By Susan Burke March
The experts at Memorial Sloan Kettering Cancer Center, founded in 1884 in New York City, are revolutionaries in cancer care. Rather than a “one-size-fits-all” treatment plan, they are a forward-looking bunch. Since 1999, Memorial Sloan Kettering’s Integrative Medicine Service has provided complementary therapies that improve quality of life for patients by helping them alleviate symptoms of cancer and cancer therapies.
MSK writes, “… We believe in caring for the whole person — not just the disease or symptom. Integrative medicine weaves natural treatments such as acupuncture, massage, and yoga into your overall care plan. All of our holistic health services and programs are based on the latest scientific evidence.”
Integrative therapies offered by MSK are designed to better handle the side effects of chemotherapy and radiation, to minimize anxiety, depression, and stress, and to control fatigue, dry mouth, neuropathy, and other side effects. They also work with patients to improve muscle strength, balance, and endurance, and to prevent and treat lymphedema, a common side effect of cancer treatment using herbs, botanicals, and other products.
Complementary therapies can be used as adjuncts to mainstream cancer care. A diagnosis of cancer is devastating, and patients often worry that the conventional treatment won’t work or it will have significant side effects.
Some go online to find alternatives — and alternatives abound — but they’re not really alternatives.
Alternative treatment means that it will work as well as conventional treatment. The assumption is the results will be at least as effective or even better than the proven treatment. And that is when people get into trouble.
A study published in the Journal of the National Cancer Institute, January 2018, found that patients who opted for alternative treatment over conventional treatment for curable cancer are far more likely to die of their cancer. Women with breast cancer who used alternative treatments over conventional cancer therapy had a fivefold increased risk of death.
Words matter. The researchers note that complementary and integrative medicines are not the same as alternative. Alternative therapies are used in place of conventional treatment.
As MSK writes, “Therapies such as acupuncture and massage can be a useful complement to conventional methods of treating cancer. But “cure-all” solutions that claim to eliminate disease naturally aren’t proven to work — and can actually be dangerous for people with cancer.”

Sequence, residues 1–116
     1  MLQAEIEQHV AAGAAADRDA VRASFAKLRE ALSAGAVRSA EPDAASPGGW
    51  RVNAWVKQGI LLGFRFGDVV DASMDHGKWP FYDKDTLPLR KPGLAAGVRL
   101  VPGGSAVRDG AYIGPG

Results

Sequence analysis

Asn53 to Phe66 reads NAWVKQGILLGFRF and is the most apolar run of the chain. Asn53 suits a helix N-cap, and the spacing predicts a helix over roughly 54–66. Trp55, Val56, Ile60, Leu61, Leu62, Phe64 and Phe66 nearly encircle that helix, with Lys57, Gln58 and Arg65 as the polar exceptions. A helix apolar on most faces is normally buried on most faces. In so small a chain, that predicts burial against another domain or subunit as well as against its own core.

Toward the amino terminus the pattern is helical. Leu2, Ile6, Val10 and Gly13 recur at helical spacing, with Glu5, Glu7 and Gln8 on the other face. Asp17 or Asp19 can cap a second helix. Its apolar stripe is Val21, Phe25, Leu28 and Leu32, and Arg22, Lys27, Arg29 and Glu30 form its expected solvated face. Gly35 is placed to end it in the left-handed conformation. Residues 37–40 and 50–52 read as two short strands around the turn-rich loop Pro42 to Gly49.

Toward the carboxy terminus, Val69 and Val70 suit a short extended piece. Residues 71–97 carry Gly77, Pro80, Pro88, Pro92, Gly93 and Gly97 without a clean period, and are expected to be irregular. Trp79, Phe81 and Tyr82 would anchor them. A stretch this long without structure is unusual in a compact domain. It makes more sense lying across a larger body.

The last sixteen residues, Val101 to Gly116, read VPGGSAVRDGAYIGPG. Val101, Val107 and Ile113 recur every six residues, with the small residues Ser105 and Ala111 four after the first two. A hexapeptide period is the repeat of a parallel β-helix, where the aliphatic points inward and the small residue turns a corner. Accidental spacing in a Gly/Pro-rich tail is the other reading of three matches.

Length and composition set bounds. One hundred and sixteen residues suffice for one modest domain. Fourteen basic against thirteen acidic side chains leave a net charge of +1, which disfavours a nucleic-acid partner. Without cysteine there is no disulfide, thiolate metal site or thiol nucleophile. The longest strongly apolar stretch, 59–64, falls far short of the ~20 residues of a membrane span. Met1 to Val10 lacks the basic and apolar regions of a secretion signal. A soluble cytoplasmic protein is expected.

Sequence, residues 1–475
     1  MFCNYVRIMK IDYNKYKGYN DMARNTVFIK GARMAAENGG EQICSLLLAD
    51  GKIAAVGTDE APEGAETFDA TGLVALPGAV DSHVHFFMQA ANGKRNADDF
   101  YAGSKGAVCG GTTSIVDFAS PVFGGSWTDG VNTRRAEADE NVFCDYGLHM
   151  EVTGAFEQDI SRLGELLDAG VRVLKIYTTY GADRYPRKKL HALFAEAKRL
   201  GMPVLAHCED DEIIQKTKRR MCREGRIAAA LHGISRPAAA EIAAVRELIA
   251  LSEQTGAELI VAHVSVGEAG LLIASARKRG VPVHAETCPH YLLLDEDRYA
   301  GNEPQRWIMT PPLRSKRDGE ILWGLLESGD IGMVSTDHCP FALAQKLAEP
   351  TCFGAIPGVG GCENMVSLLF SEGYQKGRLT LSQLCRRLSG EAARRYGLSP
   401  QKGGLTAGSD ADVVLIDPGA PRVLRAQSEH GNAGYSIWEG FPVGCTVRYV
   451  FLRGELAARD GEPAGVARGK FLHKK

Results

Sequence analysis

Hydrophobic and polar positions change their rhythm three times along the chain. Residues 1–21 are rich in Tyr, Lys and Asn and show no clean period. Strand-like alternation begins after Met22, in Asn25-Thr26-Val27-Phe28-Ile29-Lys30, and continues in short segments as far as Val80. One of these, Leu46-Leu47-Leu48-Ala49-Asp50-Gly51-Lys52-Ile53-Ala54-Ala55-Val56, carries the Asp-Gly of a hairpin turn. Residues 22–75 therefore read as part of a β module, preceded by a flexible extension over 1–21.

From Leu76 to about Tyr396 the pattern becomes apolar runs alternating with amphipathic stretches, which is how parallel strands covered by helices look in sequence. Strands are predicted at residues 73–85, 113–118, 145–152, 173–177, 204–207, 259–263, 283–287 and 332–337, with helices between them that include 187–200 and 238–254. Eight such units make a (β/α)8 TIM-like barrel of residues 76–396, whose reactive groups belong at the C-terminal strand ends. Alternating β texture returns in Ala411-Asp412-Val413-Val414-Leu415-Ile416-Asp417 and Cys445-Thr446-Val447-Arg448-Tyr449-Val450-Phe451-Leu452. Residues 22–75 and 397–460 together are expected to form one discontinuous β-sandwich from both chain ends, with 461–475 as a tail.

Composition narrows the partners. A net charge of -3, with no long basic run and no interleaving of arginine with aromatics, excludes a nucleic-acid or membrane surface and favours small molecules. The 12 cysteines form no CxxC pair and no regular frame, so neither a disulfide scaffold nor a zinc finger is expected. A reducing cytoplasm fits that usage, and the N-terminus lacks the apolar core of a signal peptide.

MSK’s pharmacist and herbalist K. Simon Yeung writes, “…The people promoting these treatments might not necessarily have a medical or oncology background. In addition, patients who try these therapies may find, when they come back to seek mainstream treatment, that it’s too late and their cancer has already spread.”
Dr. Yeung manages MSK’s About Herb database, created and maintained by MSK’s Integrative Medicine Service. Some cancer therapies that Dr. Yeung reviews are cannabis oil, Laetrile, and a pH manipulation (aka ‘alkaline diet’). He notes that these “therapies” are thus far supported only by anecdotal evidence, and are not supported by scientific trials.
Correlation does not equal causation. There is no clinical evidence that a vegan diet, or a raw food diet, or colon cleanses or getting zapped with a Rife machine (a treatment with very low-frequency radio waves) will shrink your tumor or cure your cancer.
MSK writes, “Many people offering testimonials to the effectiveness of such treatments may attribute benefits to them simply because their condition improved after using them — when the actual cause for the improvement is unrelated. The good news is that mainstream cancer therapies are safer and more effective than ever.
New chemotherapies work better with fewer side effects, and novel drugs target specific mutations in cancer cells to minimize harm to healthy cells. Highly precise forms or radiation therapy destroy tumors while sparing normal tissue. New approaches harness the body’s own immune powers to destroy cancer cells. And new surgical techniques are making it possible to remove tumors more safely while minimizing both risk of recurrence and recovery times.”
Adopting a healthy diet plan, reducing the amount of meat in your diet (especially processed meats like hot dogs and sausage), avoiding additives and preservatives and foods cooked with refined vegetable oils, and increasing consumption of fruits and vegetables is a proven way to improve your chances of staying healthy. Lower risk further by consuming alcohol in moderation and not smoking.
Log in to the About Herbs database. “Determining whether herbs, vitamins, and other over-the-counter dietary supplements would be helpful or harmful to you can be challenging. Will a substance work as the label states it will? Is it likely to interact with your cancer medicines? Is it worth the cost?”
There is no shortage of myths about cancer causes and treatments. Cancer Research UK debunks the top 10 here.
The U.S. Preventive Services Task Force is an independent, volunteer panel of national experts in disease prevention and evidence-based medicine. The Task Force works to improve the health of all Americans by making evidence-based recommendations about clinical preventive services. Log in to find the most up-to-date recommendations for screening specific to the disease/condition and your age here.
Journal of the National Cancer Institute. Use of alternative medicine for cancer and its impact on survival.
Memorial Sloan Kettering Cancer Center. The Integrative Medicine Service marks a decade of caring for patients.
Memorial Sloan Kettering Cancer Center. The truth behind three natural cancer “cures.”